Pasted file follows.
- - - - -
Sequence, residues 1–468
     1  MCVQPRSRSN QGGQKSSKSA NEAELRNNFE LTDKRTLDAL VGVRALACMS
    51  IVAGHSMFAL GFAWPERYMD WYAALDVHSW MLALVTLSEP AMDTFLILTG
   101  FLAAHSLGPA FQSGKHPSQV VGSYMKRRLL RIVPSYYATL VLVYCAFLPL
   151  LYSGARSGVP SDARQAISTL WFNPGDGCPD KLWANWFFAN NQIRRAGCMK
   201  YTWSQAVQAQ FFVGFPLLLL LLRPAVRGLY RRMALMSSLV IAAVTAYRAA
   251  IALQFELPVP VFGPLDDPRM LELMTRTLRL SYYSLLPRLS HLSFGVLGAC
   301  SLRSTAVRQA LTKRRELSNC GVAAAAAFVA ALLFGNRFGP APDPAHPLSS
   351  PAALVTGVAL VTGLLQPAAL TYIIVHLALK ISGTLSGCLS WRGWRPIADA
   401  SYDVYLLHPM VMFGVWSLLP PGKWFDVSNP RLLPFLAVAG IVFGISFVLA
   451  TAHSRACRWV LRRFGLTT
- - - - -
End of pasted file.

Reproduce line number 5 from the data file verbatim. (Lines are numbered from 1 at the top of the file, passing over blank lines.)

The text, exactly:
   151  LYSGARSGVP SDARQAISTL WFNPGDGCPD KLWANWFFAN NQIRRAGCMK